S&P 500 Slides Deeper Into Correction Territory

Index is now at a 14-month low
By Newser Editors and Wire Services
Posted Feb 23, 2022 3:54 PM CST
S&P 500 Sinks to 14-Month Low
A US flag waves outside the New York Stock Exchange,.   (AP Photo/John Minchillo, File)

Wall Street's losses mounted Wednesday as world leaders waited to see if Russian President Vladimir Putin orders troops deeper into Ukraine. The S&P 500 fell 1.8% to a 14-month low, worsening what is now the benchmark index's second correction in two years. Treasury yields inched higher, as did gold prices. The S&P 500 fell 79.26 points to 4,225.50. The Dow Jones Industrial Average fell 464.85 points, or 1.4%, to 33,131.76. The Nasdaq fell 344.03 points, or 2.6%, to 13,037.49. The Russell 2000 index of smaller companies fell 36.08 points, or 1.8%, to 1,944.09. The losses added to Tuesday's slump and the S&P 500's slide into a correction. The index had its last correction in the spring of 2020, as the pandemic upended the global economy.

Technology stocks led the broad losses Wednesday, the AP reports. Microsoft and Apple both slid 2.6% and Cisco Systems fell 3.3%. The sector has an outsized influence on the S&P 500 because of Big Tech companies' high valuations. Retailers and other companies that rely on direct consumer spending also weighed on the market. Amazon fell 3.6% and Starbucks shed 3.7%. US crude oil prices remained volatile, though energy stocks gained ground. Chevron rose 2.4%. Tesla dropped 7%.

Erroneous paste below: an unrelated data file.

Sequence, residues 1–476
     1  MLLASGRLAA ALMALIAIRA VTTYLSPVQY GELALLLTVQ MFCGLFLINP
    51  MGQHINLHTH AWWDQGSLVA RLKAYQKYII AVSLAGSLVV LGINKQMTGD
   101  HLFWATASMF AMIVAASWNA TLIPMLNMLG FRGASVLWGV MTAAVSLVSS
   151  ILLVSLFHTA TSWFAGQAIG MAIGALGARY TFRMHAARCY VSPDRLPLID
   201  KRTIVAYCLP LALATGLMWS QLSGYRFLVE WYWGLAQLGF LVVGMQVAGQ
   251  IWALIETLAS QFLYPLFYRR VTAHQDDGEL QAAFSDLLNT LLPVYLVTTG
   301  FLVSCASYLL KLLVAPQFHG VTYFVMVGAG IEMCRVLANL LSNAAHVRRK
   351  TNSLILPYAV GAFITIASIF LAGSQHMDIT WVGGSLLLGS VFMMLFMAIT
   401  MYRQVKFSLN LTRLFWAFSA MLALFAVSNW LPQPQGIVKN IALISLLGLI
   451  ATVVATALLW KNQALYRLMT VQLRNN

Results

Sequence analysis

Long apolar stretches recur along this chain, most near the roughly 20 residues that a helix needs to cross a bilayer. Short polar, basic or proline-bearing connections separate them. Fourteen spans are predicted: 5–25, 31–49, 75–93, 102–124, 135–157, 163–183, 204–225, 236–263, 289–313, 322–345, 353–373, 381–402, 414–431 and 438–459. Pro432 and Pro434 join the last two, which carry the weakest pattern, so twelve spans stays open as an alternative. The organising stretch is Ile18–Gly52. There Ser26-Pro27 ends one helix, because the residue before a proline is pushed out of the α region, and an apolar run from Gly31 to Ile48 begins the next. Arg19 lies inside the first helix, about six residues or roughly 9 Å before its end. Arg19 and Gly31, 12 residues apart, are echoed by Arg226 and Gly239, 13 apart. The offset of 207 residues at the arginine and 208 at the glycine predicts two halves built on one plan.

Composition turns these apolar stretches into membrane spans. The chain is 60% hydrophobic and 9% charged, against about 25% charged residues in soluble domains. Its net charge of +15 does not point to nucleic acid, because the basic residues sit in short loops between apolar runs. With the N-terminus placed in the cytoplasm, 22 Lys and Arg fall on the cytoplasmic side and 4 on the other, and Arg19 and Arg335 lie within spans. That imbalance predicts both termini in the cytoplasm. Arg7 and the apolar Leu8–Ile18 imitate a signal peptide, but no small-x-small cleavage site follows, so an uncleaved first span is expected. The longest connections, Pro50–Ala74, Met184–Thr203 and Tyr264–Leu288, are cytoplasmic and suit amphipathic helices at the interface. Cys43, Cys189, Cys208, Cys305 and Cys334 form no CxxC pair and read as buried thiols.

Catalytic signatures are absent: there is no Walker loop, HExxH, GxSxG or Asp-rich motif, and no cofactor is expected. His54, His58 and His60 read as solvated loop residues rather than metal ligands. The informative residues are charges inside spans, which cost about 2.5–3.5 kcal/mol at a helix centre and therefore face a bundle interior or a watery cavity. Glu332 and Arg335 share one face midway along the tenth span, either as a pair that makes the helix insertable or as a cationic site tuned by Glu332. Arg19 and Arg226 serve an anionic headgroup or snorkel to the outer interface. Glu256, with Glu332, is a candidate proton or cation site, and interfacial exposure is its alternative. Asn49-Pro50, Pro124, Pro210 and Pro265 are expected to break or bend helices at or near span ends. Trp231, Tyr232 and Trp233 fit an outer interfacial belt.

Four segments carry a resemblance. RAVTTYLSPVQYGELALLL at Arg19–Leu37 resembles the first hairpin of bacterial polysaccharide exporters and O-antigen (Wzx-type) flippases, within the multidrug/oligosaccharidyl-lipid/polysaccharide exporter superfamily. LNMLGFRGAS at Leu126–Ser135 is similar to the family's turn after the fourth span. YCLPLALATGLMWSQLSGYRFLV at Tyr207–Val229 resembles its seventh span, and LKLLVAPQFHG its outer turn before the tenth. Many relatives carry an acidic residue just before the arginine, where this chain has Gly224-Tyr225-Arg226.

Wall Street has been closely watching developments in Ukraine, where Russia has amassed troops for a new potential invasion. The US and Western nations have responded with sanctions. The tensions have made energy prices volatile—and the potential for a war in eastern Europe has only added to the concerns investors had about the global economy. Stocks have been slipping in 2022 as investors gauge how rising inflation will impact economic growth and whether the Federal Reserve's plan to raise interest rates this year will cool inflation. Wall Street is also still reviewing how companies are dealing with supply chain problems and higher costs in their latest round of corporate report cards.

(More stock market stories.)

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